My daughter loves these so much that she asked to send an email to the founder, thanking him for how much the lessons have inspired her. And you guys? He sent a video message back that absolutely made her day–so kind!

Star Wars Workbooks

recommended for ages 5+

I turned to these workbooks in a moment of desperation, looking for a new resource to help my youngest continue on his journey to reading fluency.

Let’s just say that these get him running in excitement to the table to do lessons, so I’m a fan! There are workbooks for math and writing as well as reading to choose from in this series.

And voila! There’s our current curricula bliss–helping us fall even more deeply in love with learning, one day at a time. I hope you find what you need to feel the same way in your neck of the woods this year, too!

What are you and yours loving to learn with this year?

This post is sponsored by Workman Publishing and includes affiliate links. All opinions are my own!

About Jamie Martin

Jamie is a mama to three cute kids born on three different continents. She is the co-founder and editor of Simple Homeschool, where she writes about mindful parenting, intentional education, and the joy found in a pile of books. Jamie is also the author of a handful of titles, including her newest release, Give Your Child the World.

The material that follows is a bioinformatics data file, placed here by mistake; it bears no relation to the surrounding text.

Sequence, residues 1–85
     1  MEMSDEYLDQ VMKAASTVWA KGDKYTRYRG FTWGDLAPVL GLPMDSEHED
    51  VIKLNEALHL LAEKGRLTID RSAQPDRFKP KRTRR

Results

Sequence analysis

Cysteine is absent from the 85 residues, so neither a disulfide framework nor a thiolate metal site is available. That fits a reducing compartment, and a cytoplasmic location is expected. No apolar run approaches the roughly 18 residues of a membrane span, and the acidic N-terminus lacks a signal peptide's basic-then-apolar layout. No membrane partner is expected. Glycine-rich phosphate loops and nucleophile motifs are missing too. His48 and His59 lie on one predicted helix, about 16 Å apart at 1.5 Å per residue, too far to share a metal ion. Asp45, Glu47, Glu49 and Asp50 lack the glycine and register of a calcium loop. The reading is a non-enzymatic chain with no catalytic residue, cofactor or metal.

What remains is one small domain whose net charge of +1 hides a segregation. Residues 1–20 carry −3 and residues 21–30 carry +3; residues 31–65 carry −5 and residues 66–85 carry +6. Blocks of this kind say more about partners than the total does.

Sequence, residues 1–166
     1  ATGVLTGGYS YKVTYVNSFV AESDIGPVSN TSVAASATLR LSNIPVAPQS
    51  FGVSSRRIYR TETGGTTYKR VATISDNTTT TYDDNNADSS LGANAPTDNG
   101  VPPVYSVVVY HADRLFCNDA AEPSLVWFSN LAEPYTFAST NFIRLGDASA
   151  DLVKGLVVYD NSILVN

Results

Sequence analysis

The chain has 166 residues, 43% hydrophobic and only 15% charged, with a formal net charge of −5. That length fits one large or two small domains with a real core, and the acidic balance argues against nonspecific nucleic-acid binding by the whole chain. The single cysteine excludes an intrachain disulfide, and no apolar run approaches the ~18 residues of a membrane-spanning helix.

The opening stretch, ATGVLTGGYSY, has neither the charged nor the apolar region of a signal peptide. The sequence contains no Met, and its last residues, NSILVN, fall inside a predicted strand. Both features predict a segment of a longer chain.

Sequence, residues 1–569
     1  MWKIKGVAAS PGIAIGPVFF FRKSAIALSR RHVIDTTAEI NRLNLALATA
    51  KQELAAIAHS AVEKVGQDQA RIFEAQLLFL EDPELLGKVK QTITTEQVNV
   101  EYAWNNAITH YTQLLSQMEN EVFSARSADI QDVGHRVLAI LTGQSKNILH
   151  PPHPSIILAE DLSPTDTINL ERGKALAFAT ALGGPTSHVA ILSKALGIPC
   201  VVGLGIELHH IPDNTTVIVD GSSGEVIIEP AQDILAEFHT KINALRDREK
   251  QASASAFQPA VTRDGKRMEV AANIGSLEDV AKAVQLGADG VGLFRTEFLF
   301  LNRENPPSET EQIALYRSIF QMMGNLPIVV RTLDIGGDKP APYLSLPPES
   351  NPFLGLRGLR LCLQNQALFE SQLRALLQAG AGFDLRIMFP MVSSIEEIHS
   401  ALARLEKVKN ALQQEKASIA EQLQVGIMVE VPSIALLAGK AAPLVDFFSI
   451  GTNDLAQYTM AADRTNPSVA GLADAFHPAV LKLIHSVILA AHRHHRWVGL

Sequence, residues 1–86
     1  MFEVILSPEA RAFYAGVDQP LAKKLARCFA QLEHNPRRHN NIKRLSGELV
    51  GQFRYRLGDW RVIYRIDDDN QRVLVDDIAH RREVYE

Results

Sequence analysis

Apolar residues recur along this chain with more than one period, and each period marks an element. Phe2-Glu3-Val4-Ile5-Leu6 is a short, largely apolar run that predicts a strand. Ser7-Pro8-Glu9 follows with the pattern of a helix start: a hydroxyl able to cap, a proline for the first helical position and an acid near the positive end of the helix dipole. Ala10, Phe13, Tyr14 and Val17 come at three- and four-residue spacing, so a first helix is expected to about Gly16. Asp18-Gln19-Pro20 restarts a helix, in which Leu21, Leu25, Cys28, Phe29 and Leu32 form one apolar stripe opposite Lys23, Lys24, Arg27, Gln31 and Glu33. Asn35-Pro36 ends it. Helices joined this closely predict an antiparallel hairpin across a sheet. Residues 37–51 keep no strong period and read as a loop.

1. I forgot all about the crash course series! I’m so glad you mentioned it. 🙂 We absolutely love our Konos unit studies, Daily Grams, and No-Nonsense Algebra. I would recommend those three resources to any homeschooler- in fact, I just did yesterday!
    Shelly’s latest post: 10 Reasons Why Homeschooling Is Perfect for Late Readers

  2. Some new to us resources that we are loving this year…
    Maestro Classics, Genevieve Foster’s history books (we are reading George Washington’s World) – I love having a new story book format for history that we can use after finishing Story of the Word and Picture Study Portfolios by Emily Kiser